The Cult of Light Skinnedness

October 9, 2021

I wanted to write a memoir but the connective tissue of the memoir didn’t interest me. I wanted to render memories that would pop up like mushrooms and quickly vanish. I owe much to where I was raised, in a black neighborhood where people talked to each other and spent time on the porch and on the corner, as did my brothers and their friends as they smoked weed, drank Mickey Big Mouths and Heinekens, and talked all the time about the insanity of Vietnam, nuclear war, and H.P. Lovecraft, and from there they’d segue into the adventures of the many memorable characters in the neighborhood. I tried to do that here. A new installment will appear here every Saturday this and next month.

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Mama had been bugging me to go to Verbum Dei High School for one of their Creole Contillions. I had no interest because I didn’t call myself Creole. Nobody I knew connected to New Orleans called themselves Creole, and if they did, they were old folks or nuts. I was light skinned with curly hair in a neighborhood with many kinds of hair and skin colors. My mother called people Creole but she didn’t use the world to describe herself. My daddy didn’t either. They were negros, but don’t call them black. Nobody wanted to be called black in their world and generation. I tried to escape the whole appellation issue by saying I was black. I wasn’t comfortable with saying I was Creole, and mixed race sounded like a cocktail. I didn’t want to go to the Creole Cotillion but there wasn’t any way out without pissing Mama off. When I complained to my roommate from Chicago about the Cotillion and how I didn’t want to go but had to, his eyes widened and he insisted that he had to go to the Creole cotillion because he wanted to be with his people. Seemingly his people rocked that brown bag test out the park.

“Your people? Your people are from Chicago. It’s a New Orleans thing.”

“I’m insisting,” he said, with the intensity of a determined and slightly unbalanced man.

“Get yourself a ticket. It’s a public event.”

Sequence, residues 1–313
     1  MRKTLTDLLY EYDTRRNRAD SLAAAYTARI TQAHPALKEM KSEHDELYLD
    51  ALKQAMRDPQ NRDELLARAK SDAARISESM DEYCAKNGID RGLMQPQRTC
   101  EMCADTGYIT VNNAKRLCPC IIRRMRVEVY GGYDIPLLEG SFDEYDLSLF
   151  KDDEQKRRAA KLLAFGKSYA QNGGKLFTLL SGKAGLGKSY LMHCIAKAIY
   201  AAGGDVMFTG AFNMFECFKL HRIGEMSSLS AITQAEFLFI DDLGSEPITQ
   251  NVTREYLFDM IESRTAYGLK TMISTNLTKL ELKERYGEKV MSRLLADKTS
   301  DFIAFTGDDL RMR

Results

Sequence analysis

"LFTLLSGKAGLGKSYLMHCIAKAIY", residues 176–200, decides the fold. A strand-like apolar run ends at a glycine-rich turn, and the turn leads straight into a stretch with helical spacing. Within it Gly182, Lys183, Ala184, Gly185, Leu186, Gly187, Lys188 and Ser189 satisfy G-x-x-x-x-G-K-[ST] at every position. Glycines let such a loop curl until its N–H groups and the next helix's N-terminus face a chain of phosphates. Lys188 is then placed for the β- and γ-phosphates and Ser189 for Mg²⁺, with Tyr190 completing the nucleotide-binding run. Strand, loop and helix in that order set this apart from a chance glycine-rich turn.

I thought he’d give it up and move on but, no, he showed up to the event and joined us as we walked into the auditorium and found our table. I talked Martha, my Latina girlfriend, into coming, and she was comfortable meeting my mother and everyone else. She was lovely and strikingly tall, tall as me with her heels. She wore a tastefully short lace dress and looked amazing, though for the truly skin-colored obsessed Creoles she wouldn’t pass the brown bag skin color test. I didn’t give a shit about what self-loathing negroes thought. Happy that my mama approved of Martha, I finally felt calm. As we were being seated, I wondered if my friend would sit with us. He did for a nervous hot minute but then disappeared. I glanced around and saw him talking intently to a pretty light skinned woman. I shrugged, surprised that he pulled that off. He had more game than I gave him credit for.

He reappeared at our table when the food was served. As he began to eat, I asked about the woman he was chatting up.

“You get her number?”

“I tried, but her husband came back with drinks and he asked me to leave.”

Martha looked bewildered as me. Then an older woman appeared and asked to speak to my mother. She had a pleading look on her face. She led my mother away and when Mama returned she looked uncomfortable as I ever had seen her.

“What happened?”

Mama sighed. “She wanted me to meet her husband. She said he’d been in love with me his entire life and she knew. When I came in, she wanted him to be able to spend a moment with me.”

I was stunned. “What did he say to you?”

“Thank you for sitting with me.”

“That was it?”

“Yes. And I came back to the table.”

“That must have been flattering.”

Mama shook her head. “Maybe if I was still that woman he had a crush on forty years ago. Now, I’m a fat old lady.”

“No, you’re not. You’re still beautiful.”

“I’m a fat old lady, but at least I don’t have to deal with crazy men coming at me like before.”

“But one just did.”

Mama just smiled.

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Jervey Tervalon was born in New Orleans and raised in Los Angeles, and got his MFA in Creative Writing from UC Irvine. He is the author of six books, including Understanding This, for which he won the Quality Paper Book Club’s New Voices Award. Currently he is the Executive Director of “Literature for Life,” an educational advocacy organization, and Creative Director of The Pasadena LitFest. His latest novel is Monster’s Chef.